I started writing her letters for a handful of reasons. She lives in Arizona and I live in Florida. It’s a lot harder to visit now that she’s no longer a few hours away. Second, she has no idea how to use a computer. I can’t send an email or tell her to check my website. She’s 90 I can’t hold that against her. She much prefers a handwritten letter with pictures to an email any day. Who wouldn’t?
In this day and age where everyone is connected by multiple social networks, email, blogs, and mobile phones, it’s easy to forget about those whose lives aren’t connected by the internet. Take some time to write a few letters with a pen and paper. Maybe, if you thing about it, include some of those millions of photos you take on that digital camera.
You’ve found me once again going against my tendency to shy away from the latest sensation in reading. One of my dearest friends raved about the book during a phone conversation so I decided to give it a go. This also meant wrangling the nook color away from my boyfriend (more about that in a future post).
The most important thing to remember when reading The Book Thief is that Death is telling the story. He is telling it from memory and from the information provided by Liesel in a book she wrote at the age of 13. This gives the story a bit of a disjointed feel that takes some getting used to. It took me a good portion of the book to get sucked into the story line and have the characters come to life.
Despite numerous warnings from Death, the ending was gut-wrenching. I highly recommend keeping a box of tissues on hand, you’ll need them. Even with the intense setting of the war, the author does a wonderful job of weaving in just enough laughter to keep the entire story from being depressing.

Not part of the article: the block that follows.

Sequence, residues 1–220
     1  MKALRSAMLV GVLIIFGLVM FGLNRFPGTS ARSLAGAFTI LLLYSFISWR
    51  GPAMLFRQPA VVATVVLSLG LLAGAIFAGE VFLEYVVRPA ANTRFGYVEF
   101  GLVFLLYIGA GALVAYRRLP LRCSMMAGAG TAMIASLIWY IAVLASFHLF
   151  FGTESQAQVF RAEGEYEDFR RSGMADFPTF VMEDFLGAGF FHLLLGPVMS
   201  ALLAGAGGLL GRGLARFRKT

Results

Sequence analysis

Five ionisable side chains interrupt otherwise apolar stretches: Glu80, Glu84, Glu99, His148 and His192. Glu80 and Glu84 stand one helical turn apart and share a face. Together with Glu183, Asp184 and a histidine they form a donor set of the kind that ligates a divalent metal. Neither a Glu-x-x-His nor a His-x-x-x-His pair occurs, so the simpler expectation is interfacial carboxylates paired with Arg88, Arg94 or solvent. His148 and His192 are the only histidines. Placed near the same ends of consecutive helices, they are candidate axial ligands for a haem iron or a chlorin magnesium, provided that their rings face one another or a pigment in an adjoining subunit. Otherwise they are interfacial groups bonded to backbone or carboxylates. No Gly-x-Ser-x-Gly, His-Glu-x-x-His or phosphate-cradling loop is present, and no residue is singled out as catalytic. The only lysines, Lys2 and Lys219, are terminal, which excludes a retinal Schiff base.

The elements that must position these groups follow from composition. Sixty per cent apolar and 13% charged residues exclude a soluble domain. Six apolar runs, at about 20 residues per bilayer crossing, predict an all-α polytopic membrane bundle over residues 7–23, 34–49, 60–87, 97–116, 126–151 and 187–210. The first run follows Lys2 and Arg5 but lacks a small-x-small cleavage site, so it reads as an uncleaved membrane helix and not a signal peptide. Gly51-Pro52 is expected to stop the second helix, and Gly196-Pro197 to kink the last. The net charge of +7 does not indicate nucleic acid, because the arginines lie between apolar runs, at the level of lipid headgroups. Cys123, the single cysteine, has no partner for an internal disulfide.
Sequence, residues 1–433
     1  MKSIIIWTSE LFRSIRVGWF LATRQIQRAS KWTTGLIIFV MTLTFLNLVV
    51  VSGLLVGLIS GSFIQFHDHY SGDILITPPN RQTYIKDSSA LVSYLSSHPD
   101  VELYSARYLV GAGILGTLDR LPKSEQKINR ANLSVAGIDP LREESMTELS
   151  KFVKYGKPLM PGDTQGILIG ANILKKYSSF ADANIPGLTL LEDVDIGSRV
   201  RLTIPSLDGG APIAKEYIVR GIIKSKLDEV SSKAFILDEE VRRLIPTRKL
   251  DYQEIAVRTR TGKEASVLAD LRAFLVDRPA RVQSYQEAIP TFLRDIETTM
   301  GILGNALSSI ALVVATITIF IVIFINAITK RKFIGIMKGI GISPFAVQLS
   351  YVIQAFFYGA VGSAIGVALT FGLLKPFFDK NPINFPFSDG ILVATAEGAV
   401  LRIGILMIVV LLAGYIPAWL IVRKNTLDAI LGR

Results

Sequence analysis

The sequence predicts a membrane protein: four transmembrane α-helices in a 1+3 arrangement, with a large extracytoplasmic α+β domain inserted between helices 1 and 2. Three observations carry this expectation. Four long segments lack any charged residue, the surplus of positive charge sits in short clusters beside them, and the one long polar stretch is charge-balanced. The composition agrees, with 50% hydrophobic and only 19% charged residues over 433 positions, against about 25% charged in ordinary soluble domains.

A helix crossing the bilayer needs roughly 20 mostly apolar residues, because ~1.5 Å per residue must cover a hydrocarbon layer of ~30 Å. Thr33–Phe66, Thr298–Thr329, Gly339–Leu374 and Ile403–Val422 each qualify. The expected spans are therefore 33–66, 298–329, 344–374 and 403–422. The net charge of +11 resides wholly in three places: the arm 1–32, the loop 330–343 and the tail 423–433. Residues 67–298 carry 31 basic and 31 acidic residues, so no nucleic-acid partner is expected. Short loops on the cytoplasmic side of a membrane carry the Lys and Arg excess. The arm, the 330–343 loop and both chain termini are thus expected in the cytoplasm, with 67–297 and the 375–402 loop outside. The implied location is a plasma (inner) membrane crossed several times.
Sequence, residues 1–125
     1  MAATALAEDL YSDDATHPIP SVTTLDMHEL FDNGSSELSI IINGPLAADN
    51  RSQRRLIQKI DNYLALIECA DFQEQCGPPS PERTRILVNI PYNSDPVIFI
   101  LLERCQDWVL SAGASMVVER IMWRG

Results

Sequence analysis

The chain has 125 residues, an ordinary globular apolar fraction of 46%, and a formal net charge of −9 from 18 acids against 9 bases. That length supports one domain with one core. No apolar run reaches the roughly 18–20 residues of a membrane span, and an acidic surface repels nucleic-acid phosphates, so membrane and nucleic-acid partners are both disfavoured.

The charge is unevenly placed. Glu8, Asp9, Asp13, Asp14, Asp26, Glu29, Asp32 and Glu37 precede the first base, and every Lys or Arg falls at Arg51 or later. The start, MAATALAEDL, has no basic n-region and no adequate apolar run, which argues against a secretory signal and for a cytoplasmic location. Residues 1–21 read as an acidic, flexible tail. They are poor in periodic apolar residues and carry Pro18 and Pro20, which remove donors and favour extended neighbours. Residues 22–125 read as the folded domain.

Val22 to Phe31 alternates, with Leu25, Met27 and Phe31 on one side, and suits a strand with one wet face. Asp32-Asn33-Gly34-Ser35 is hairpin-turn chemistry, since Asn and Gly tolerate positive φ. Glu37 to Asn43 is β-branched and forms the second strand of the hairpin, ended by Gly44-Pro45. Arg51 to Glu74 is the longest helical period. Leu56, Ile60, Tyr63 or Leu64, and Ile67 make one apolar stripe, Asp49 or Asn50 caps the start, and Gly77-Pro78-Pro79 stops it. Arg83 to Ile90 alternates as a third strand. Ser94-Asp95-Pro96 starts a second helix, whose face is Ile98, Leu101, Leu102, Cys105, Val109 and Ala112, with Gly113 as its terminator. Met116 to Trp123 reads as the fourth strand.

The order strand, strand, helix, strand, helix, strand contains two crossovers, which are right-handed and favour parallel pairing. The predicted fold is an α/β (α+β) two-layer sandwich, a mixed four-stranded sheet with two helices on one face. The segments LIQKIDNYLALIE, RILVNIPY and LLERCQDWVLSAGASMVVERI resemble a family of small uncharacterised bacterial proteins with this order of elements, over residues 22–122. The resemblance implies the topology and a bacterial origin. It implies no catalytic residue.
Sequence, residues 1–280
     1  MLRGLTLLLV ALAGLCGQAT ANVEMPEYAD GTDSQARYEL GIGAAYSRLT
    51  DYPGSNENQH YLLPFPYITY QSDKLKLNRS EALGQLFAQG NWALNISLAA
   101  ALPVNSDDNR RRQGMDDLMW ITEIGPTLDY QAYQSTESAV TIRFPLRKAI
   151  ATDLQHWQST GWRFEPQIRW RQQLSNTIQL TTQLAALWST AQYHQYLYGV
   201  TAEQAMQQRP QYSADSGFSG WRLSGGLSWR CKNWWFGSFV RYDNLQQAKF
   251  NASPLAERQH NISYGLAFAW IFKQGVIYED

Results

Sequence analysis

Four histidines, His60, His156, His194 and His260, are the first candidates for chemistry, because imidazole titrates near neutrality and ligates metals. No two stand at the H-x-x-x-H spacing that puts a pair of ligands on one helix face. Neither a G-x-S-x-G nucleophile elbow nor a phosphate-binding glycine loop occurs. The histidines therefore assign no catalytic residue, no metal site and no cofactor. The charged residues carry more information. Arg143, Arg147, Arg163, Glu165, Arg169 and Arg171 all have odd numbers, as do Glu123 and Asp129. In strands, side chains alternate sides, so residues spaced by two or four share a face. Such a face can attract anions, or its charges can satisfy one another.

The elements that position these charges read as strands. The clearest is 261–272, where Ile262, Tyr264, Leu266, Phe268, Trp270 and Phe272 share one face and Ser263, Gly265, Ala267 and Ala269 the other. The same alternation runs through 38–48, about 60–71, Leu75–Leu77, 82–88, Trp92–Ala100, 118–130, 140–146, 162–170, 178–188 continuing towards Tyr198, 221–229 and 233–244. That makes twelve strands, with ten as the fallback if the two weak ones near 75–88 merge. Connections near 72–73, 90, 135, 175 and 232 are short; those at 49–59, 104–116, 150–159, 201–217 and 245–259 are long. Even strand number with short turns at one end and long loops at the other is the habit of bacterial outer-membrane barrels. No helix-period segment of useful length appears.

I love receiving mail. It doesn’t even matter if it’s something I bought or a gift. I just like receiving packages. Recently lots of packages have been showing up with my name on them. I thought I would share a few of them with you.
First up are the prizes from the Sew, Mama, Sew! giveaway that they hosted a couple of months ago. The giveaway included about 300 different blogs offering prizes. I must have signed up for about a hundred. I was delighted to hear I had won two different prizes.
The first came from Bird and Bicycle. It’s a great sewing blog. Of the three prizes she was giving out, I won a wonderful little bag made from fabric with bicycles (pictured above). It’s now sitting in my bike basket waiting for me to take it for a spin. I was excited to receive the bag in the mail and even more excited to discover that she had filled the pouch with little surprises! There were a couple of fat quarters, embroidery floss, and magnetic purse clasps (which I have been wanting to give a try). Thanks MaLora for the wonderful giveaway!
The second prize I won came from Craft-A-Little. As part of her giveaway, she was asking for suggestions on how to decorate her new baby’s bedroom. I linked her to this idea: Embroidered Growth Chart from The Student/Teacher. I really want to make that project, but don’t have a reason to just yet. From her I won a pile of Dr. Suess fabric and an applique pattern pack (not pictured). I’m excited about the fabric and will be using it soon for a few projects. Thanks Rebecca for the wonderful giveaway!
I’ve also been ordering a few bits and bobs for projects that I have brewing. We have already debuted the battery bandolier. That is my first purchase along with labels for my etsy shop. We found some wonderful design your own twill labels from inkedpapers. They are working out wonderfully.
The large spool of black elastic is from Vogue Fabric Store. I was surprised to see how small 36 yards of 3/4 inch elastic appeared.
Finally, I have discovered Pick Your Plum a wonderful site that offers one product for 24 hours. The products are craft related and discounted. There has been a wide range of products including knobs, ribbon, buttons, wooden blocks, and vinyl clings. I wait in anticipation for the email notification every morning. I have a few exciting plans for these items as well.
Note: I was not asked or paid to advertise for any of the above web Sites or blogs. I simply wanted to share some of my new goodies.